Tuesday, March 15, 2011

Advantages of Cloud Computing– Part XIII – Data Value and Security


A little over a year ago, there was an article in the newspapers about a woman who was surprised upon finding a venomous reptile on her kitchen floor. A few weeks later, on February 1, 2010, while leaving her work as a researcher for a local university, my wife was shot twice in the head by three teenage muggers for no other reason than to gain acceptance into a local gang, prompting a media frenzy that literally encircled the globe. I received the news ten minutes after the incident from a young man who happened to hear the shots and ventured out of his dorm room to investigate. From that moment on, many things I had assumed about reality changed. Thanks to the heroic efforts of a stranger she survived with flying colors, but it was touch and go for the first few days.

These two incidents, occurring close together, prompted me to write an article entitled “Snake in the House” concerning how we calmly go about our daily lives, oblivious to the dangers that surround us, until some event takes place to breach our paper-thin wall of security and causes a dramatic shift in the way we adjust our reality in response to actual events.

In August of 2006, a client’s bulk plant burned to the ground. Because it was an oil fire, ironically, the only thing left of their computer was the faceplate. Unfortunately, their data disappeared with it and the only backup had been made three months prior to the fire. For six years, I had tried repeatedly to put them on our cloud but they refused, thinking their data was more secure if safely stored on their premises. For twenty-two years they had dodged the bullet, but one simple mistake cost them months of reconstruction. They have been on the cloud for five years now and never for an instant has their data been in jeopardy.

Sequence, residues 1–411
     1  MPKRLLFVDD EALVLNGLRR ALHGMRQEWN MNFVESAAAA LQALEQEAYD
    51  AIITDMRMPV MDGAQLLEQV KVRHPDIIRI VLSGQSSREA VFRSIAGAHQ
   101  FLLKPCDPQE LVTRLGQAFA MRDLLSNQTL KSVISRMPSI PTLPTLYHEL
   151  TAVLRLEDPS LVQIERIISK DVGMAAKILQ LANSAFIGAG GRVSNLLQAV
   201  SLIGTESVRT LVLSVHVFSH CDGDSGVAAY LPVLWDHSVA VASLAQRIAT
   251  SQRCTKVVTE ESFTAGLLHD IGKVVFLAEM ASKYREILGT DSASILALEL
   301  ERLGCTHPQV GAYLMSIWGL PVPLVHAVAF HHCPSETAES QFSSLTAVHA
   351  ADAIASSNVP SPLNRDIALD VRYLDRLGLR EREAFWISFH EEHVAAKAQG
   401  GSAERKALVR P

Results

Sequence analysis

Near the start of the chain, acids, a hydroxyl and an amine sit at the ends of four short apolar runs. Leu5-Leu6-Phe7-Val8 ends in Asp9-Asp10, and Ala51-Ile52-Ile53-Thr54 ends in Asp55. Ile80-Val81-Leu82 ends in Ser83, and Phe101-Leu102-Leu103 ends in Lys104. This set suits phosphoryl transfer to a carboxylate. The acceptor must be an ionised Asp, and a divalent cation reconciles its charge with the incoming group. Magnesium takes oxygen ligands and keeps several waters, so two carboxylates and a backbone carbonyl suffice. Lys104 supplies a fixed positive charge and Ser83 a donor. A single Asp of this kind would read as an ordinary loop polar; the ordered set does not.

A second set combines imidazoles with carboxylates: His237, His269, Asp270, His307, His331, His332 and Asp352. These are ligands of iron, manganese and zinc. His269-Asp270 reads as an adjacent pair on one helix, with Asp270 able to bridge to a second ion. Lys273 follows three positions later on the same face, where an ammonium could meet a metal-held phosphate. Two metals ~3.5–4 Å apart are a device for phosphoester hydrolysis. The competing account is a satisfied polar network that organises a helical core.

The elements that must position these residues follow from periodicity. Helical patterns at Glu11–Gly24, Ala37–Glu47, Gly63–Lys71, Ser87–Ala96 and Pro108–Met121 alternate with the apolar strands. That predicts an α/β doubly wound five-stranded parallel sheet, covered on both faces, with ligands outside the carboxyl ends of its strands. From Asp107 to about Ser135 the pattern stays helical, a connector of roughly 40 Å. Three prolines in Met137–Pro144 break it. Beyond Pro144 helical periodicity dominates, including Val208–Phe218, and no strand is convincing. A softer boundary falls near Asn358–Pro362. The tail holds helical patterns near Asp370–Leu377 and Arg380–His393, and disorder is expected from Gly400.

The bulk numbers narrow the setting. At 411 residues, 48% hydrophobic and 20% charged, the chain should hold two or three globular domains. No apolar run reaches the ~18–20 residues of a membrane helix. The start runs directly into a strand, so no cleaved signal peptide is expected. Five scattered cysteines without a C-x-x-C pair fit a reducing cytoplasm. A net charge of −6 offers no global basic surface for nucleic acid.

I often ask upper-level management how they safeguard their valuable secrets and I seldom receive a plausible explanation. The truth is, in most convenience store operations the issue of securing the company’s data is rarely discussed. Management simply assumes if something goes amiss ‘someone’ will somehow manage to put it all back together. It’s another one of those things you rarely think about until it presents itself, usually at a time when you’re least prepared to deal with it.

How valuable is a company’s data? I guess it depends largely on how you go about using it. How we value the historical information we gather about our businesses says a lot about who we are and what we will become in the future.

The majority of our most protected data is held in preparation for offensive acts by government regulators and auditors and has no direct effect on our ability to perform well in the marketplace. Businesses spend an inordinate amount of time on activities that hamper rather than aid a company’s profitability and valuable data that could be used in an offensive thrust against competitors is lost. Consequently, we spend too much of our time circling the wagons and warding off attacks. In most cases, the value of a company’s information is ambiguous. 

Prior to 300 AD, Arab nomads carried their gold sewn into their clothing and relied upon tribal warriors to protect it from robberies. The story goes that banks were created in the Persian Sassanid Empire when letters of credit (Sakks) were issued to the very rich and represented commodities stored in a particular location. We stopped sewing our valuables in our clothes and in holes dug in our backyards centuries ago. Many of us have yet to learn the true value of our company’s information.
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